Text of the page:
I got a question when I tried to prove the distribution of the Maximum likelihood test statistics.

The test is $H_0:\theta=\theta_0$ $H_1:\theta\neq\theta_0$

The statistics is $MLR=\frac{\sum f(x_i|\hat{\theta})}{\sum f(x_i|\theta_0)}$

So I want to show $2 \times log(MLR)$, which is $2 \times (l(\hat{\theta})-l(\theta_0)) \sim \chi^2(1)$ under the null hypothesis.

Here is a proof (page 74):http://www.stats.ox.ac.uk/~dlunn/b8_02/b8pdf_8.pdf

I understand how he proved it. The first step is the Taylor expansion:




We can show that the right-hand side follows $\chi^2(1)$, then we proved it.

However, if we use Taylor expansion at the point $\theta_0$, we have:



$2 (l(\hat{\theta})-l(\theta_0))=(\theta_0-\hat{\theta})^2l''(\theta_0)$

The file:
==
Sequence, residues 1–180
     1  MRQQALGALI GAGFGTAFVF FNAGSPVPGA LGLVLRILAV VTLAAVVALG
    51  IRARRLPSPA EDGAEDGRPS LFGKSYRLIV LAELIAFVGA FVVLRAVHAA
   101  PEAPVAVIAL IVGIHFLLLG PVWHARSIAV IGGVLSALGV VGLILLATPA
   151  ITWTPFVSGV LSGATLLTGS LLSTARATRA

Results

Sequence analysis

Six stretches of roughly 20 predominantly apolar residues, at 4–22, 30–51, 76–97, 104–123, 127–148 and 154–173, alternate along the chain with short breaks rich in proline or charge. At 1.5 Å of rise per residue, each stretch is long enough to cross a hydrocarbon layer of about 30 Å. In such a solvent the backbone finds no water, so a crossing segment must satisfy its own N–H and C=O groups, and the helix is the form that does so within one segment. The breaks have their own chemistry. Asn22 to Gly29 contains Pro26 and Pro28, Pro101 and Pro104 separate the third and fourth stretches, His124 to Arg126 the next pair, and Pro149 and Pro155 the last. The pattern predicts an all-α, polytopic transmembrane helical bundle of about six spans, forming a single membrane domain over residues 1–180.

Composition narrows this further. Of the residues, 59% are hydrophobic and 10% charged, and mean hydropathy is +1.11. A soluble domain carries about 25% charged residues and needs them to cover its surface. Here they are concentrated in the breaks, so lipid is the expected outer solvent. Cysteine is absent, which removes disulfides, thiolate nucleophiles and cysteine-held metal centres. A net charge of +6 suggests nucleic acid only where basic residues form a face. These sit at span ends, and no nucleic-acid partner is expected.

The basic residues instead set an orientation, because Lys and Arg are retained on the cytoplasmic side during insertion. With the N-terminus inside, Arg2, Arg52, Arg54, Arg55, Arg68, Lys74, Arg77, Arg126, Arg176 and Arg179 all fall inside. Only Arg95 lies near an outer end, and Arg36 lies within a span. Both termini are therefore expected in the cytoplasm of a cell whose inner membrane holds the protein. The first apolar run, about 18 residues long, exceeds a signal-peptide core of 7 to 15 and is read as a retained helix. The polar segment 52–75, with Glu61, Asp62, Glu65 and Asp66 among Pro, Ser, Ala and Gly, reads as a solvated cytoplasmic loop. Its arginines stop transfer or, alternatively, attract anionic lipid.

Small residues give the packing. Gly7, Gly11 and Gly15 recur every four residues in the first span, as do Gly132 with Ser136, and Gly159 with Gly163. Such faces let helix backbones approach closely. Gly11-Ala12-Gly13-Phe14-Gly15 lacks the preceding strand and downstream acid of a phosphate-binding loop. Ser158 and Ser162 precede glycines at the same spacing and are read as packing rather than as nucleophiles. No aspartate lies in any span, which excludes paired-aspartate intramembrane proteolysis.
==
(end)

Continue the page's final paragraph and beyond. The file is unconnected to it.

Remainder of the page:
The left-hand sides are exactly same for the above two, but for the right-hand sides, one is $-l''(\hat{\theta})$ and the other is $l''(\theta_0)$. As far as I know, $l''(\hat{\theta})$ and $l''(\theta_0)$ will converge to the same value when n goes to infinity. Therefore, $-l''(\hat{\theta})$ and $l''(\theta_0)$ have opposite signs, so:

$2(l(\hat{\theta})-l(\theta_0))=(\theta_0-\hat{\theta})^2(-l''(\hat{\theta}))$ will converge to $\chi^2(1)$


$2(l(\hat{\theta})-l(\theta_0))=(\theta_0-\hat{\theta})^2l''(\theta_0)$ will converge to $- \chi^2(1)$

I know the second one must be wrong because $l(\hat{\theta})-l(\theta_0)\geq 0$. I just cannot find where my mistake is. Any idea?


In your first formula, the term $\ell'(\hat\theta)$ is zero because at the MLE the derivative of the log likelihood is zero. But the first derivative of the likelihood need not be zero at the true value of the parameter, so your Taylor expansion around $\theta_0$ appears to be incorrect.

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